Durban – South Africa needs a disruption of the elite, Lukhona Mnguni, political analyst and conflict transformation expert at the University of KwaZulu-Natal, said on Thursday.
Mnguni was taking part in a panel discussion by political analysts at the annual conference of the South African Property Owners’ Association (Sapoa) in Durban.
"The elite in this country are too one-minded in their thinking. All they want is a stable rand and growth in the gross domestic product (GDP). Then they can make their money," he said.
"You need elite who are not money-driven."
In his view, SA needs to build an intellectually curious citizenry.
"Yet some of our policies have no fundamental shift on where we want to take society. For instance, the social grant system should be geared to skill people to take them out of poverty," he added.
Threat to stability
Political scientist Sithembile Mbete believes many of the South African government’s policies are "un-implementable".
"The biggest threat to our stability is inequality. In South Africa we think chronic inequality is the norm. About 76% of the South African population have poverty as a threat.
"Until we deal with some of the day-to-day fundamentals in society, it will be difficult to deal with the political issues," she said.
"We need to allow for 'distasteful' conversations to take place, and talk through these, to see how we can build common ground."
Political journalist Ranjeni Munusamy is of the opinion that there is too much of a fixation in South Africa on policy debates.
"We need to move beyond the policy debate to implementation. Implementation has always been the problem in this country. We need to start moving," she argued.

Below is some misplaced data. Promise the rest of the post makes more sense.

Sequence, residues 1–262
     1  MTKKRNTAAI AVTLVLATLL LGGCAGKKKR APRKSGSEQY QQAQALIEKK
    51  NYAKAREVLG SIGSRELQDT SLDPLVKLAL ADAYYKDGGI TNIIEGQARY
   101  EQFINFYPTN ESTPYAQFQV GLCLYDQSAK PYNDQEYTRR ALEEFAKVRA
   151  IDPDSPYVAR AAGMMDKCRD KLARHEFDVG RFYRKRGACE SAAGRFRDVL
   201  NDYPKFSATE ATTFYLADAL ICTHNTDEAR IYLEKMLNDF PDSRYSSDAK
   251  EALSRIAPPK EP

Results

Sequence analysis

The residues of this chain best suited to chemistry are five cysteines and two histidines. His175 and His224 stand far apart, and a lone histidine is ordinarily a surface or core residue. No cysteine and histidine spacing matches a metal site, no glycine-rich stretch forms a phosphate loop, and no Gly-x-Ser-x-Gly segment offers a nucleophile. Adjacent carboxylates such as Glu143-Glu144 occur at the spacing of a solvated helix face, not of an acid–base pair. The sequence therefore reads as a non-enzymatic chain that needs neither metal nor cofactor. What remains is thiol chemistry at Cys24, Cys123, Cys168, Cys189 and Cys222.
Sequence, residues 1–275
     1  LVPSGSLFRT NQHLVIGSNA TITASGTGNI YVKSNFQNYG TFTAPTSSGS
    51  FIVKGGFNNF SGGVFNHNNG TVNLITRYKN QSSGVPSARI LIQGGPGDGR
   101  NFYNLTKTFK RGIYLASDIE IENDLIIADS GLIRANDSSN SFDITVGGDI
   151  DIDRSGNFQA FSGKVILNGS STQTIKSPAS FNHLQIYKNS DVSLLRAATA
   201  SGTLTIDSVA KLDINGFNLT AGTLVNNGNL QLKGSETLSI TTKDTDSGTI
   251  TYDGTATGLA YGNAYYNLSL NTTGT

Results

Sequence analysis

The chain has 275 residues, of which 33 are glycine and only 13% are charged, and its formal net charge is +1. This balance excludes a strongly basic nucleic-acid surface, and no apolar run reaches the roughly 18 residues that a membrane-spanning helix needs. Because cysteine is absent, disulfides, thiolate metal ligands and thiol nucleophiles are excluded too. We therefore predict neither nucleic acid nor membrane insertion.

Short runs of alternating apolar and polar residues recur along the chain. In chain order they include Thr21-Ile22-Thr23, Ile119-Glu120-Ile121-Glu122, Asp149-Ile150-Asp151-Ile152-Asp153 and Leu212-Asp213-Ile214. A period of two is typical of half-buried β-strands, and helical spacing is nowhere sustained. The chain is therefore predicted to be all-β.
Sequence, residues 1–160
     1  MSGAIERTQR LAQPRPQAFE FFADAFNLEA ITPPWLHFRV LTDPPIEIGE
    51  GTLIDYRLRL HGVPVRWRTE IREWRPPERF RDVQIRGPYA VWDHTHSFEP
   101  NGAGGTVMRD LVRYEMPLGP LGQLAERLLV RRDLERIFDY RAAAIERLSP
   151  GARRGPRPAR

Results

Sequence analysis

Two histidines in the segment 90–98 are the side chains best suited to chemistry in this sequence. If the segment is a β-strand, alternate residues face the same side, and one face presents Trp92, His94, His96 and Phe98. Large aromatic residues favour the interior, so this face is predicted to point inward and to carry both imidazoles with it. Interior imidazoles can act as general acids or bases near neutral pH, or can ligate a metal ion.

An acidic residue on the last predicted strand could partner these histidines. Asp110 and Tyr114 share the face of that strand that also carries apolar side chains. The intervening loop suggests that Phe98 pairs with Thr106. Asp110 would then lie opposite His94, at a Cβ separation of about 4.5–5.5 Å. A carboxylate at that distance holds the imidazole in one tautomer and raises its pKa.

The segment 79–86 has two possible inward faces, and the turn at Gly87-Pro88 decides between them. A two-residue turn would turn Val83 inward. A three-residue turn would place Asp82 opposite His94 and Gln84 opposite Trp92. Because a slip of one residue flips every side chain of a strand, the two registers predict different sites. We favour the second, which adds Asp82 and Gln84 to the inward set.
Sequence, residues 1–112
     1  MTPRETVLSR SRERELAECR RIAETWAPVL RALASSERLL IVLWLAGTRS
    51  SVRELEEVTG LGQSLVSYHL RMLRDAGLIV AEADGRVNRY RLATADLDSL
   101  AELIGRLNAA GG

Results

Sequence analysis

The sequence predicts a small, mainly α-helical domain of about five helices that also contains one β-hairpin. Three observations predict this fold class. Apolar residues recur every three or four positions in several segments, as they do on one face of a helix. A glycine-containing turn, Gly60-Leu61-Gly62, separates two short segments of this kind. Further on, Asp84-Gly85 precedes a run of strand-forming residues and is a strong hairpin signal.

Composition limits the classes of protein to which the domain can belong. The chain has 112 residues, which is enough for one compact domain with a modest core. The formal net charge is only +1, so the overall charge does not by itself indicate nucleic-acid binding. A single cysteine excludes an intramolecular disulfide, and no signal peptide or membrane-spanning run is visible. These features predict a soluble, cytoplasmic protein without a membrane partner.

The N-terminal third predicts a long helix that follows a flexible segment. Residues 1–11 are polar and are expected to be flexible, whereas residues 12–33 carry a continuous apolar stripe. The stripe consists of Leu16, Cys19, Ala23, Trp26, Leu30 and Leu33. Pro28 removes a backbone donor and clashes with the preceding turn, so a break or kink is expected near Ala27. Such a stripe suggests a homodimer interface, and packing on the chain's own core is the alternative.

"The ANC will switch into election mode and fling promises at us, but will these be sustainable? Who will broker the agreement for all in South Africa to agree?"
In her view, coalitions create healthy competition in politics and force people to listen to each other.
For political analyst Daniel Silke, the key issue President Cyril Ramaphosa and the ANC must tackle is building a more capable state.
He said South Africa needed a best practice policy.
"South Africa faces competition even from the rest of Africa. Yet we live in policy limbo in the country. That is the critical issue," said Silke.
He is concerned that the narrative in South Africa has become severely racially polarised.
"Unless we can lock hands together, we will continue to live in a state of limbo," said Silke.
"Ramaphosa is willing to explain to minorities in particular the need for change.
"Yet we can’t even agree, because there is a fundamental ideological split in the governing alliance on whether it sees the state as a core player in South Africa or not."
In his view, the election year in 2019 will create further distortions. He does, however, give the Ramaphosa administration credit "for at least beginning the process of greater collaboration".
"Coalitions must be meaningful, and to work, [they] must be between like-minded groupings.
"I think there is room for reconstructing coalitions in South Africa," he said.
· Fin24 is a guest of Sapoa at its annual conference.
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